As we reach a certain age, we experience changes in our ability to do things–the sudden lack of energy, the loss of sharpness, and the decrease in our performance. These changes, with the addition of our unhealthy habits, can get us into a rapid and unturnable course in our raft as we go on with our life–memory loss.

We’re back with the second episode of the Memory Health Made Easy podcast. Today’s episode is about establishing where we are at with our personal risk factors when it comes to memory loss–what are the things that we can do to prevent it early on?

Know what your risks are today and let me help you keep your memories burning bright. Subscribe to this podcast and tune in to the show for the specifics! 

To Grow Your Brain Skills To Their Potential You Need These 9 Things In Your Life

About The Host

About The Host

David Norris is an occupational therapist who has been in this practice for 20 years.

He has dealt with a lot of clients who seek help with their memory loss problems.

David began asking himself about how these people can get ahead of these problems.

It is then that he started teaching his clients how to improve their brain health to prevent memory loss.

David Norris is also the director and founder of Occupational Therapy Brisbane.

Do You Know These Risks For Memory Loss

What Is Dementia?

  • One person every three seconds is diagnosed with dementia worldwide.
  • Dementia is not the same as Alzheimer’s.
  • Dementia is an umbrella term that represents severe and pronounced memory loss.

Memory Loss Assessment Tools

  • If you don’t detect the changes happening within you in your 40s, it can progress to mild cognitive changes and memory health changes.
  • Assessment tools indicate whether patients are at a mild cognitive impairment state or if they’re experiencing pronounced cognitive impairment.
  • These tools let doctors see changes in comparison to the people of similar age groups.

What Happens To The Brain During Our 40s?

  • When we are in our 40s, mild cognitive changes are six times more likely to progress to dementia.
  • Research neurologist Dr Dale Bredesen explains that in our 40s, there is a build-up of amyloid-beta protein in our brain–which is like a master key in our brains.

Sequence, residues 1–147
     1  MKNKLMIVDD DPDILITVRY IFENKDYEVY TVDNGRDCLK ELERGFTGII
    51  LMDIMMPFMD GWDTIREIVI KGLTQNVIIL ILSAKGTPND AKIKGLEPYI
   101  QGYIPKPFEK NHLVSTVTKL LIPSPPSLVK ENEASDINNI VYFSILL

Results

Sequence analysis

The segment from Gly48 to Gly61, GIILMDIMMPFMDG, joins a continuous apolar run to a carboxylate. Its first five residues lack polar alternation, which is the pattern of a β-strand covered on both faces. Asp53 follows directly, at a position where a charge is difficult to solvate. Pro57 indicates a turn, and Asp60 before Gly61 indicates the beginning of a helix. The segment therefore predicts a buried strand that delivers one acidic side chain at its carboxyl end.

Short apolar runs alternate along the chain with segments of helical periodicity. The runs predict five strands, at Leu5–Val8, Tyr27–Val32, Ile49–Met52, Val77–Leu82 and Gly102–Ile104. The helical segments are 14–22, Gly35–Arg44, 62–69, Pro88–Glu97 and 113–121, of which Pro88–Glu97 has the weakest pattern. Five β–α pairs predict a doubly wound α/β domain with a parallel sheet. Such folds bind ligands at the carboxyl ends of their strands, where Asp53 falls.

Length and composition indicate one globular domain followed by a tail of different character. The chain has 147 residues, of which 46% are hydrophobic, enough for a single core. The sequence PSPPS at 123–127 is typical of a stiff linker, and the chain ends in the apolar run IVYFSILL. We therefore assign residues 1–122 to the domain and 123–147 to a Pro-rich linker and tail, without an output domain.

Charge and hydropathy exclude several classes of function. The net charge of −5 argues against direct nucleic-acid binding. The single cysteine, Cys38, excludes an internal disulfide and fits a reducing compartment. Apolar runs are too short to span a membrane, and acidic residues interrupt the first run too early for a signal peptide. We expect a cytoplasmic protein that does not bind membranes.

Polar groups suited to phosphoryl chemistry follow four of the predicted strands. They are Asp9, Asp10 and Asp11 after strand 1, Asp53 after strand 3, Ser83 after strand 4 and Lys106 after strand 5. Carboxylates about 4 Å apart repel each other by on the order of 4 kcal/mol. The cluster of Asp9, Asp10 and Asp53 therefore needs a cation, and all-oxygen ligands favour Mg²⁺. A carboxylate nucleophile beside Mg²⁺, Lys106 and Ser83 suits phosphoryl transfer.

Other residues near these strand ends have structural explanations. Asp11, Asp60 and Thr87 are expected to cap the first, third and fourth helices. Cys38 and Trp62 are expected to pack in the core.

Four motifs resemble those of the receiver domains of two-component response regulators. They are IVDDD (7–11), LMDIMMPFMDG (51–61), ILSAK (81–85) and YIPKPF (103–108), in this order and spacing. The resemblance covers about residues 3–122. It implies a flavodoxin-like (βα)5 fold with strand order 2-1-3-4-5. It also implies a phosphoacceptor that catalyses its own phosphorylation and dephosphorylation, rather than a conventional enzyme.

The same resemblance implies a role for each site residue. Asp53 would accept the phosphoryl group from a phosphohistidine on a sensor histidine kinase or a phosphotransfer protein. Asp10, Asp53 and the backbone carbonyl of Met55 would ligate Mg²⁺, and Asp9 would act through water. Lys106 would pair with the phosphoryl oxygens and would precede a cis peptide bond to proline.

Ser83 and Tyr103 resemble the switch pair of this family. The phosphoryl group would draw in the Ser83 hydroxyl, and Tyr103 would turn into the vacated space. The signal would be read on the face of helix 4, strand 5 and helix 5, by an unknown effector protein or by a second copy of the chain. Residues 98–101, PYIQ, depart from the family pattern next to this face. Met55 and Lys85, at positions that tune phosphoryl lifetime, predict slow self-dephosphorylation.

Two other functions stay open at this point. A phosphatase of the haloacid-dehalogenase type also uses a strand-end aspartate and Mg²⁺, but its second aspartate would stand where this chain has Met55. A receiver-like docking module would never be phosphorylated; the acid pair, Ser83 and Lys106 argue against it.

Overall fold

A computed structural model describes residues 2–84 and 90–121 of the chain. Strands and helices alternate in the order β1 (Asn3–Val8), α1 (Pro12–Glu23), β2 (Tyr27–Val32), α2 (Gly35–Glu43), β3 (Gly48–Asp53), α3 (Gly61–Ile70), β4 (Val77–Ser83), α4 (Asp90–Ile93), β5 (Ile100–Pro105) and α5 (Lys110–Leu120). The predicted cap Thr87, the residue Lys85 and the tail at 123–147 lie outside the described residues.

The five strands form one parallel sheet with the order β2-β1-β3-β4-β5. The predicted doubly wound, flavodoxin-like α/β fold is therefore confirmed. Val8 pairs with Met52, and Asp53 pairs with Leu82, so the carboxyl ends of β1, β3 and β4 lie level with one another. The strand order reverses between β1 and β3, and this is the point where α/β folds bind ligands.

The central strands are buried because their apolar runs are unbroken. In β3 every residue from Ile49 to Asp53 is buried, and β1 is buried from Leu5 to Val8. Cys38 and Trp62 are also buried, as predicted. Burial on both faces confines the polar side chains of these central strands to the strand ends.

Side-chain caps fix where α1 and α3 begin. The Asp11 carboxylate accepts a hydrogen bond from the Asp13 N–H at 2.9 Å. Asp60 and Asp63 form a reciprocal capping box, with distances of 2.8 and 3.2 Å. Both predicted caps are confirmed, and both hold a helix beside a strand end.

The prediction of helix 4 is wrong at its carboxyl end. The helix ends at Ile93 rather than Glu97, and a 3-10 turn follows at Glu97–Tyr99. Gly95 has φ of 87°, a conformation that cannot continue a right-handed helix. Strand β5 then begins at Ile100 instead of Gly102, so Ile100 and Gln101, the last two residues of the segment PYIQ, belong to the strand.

• Over time, when we’re exposed to risk factors, it builds up and accumulates and binds to the cell walls–causing changes in behaviour.
  • There are over 50 variables that contribute to the development of amyloid-beta in the brain.
  • There are drug interventions present in the market, however, they only target one or two variables.

Making Sense of the 50 (plus) Memory Threats

Do you match any of these clusters?

  • Cold presentation
  • Hot presentation
  • Sweet presentation
  • Traumatic presentation
  • Toxic presentation
  • Trophic presentation

Understanding Your Memory Loss Personal Risk Factors

  • Imagine that a shed roof protects your brain. As we move through our life, we get a few holes in the roof. That hole is different from one person to another.
  • We only need to close the majority of holes to protect the state of our brain.

Factors That Influence Risk Of Memory Loss

  • Exercise
  • Infection
  • Living space and environment
  • Nutrition
  • Sleep
  • Hygiene
  • Drugs, alcohol, and caffeine
  • Trauma and stress
  • Genetics
  • Age

Four-Point Checklist To Reduce Your Risk For Memory Loss

  • Engine check: Know your blood risk factors associated with hormone
  • Genetic check: Identify your genetic risk factors. Remember in many cases it’s the genes that load the gun but lifestyle factors which pull the trigger. 
  • Lifestyle check: Get an idea around your lifestyle risk factors
  • Cognitive check: Do a baseline of your memory health status and cognitive performance

If you have any questions, insights, or reviews, please don’t hesitate to leave a comment so we can start a discussion. 

Grab a free copy of the memory health toolkit today to learn more about how you can strengthen your brain building. You can connect with me on LinkedIn or Twitter.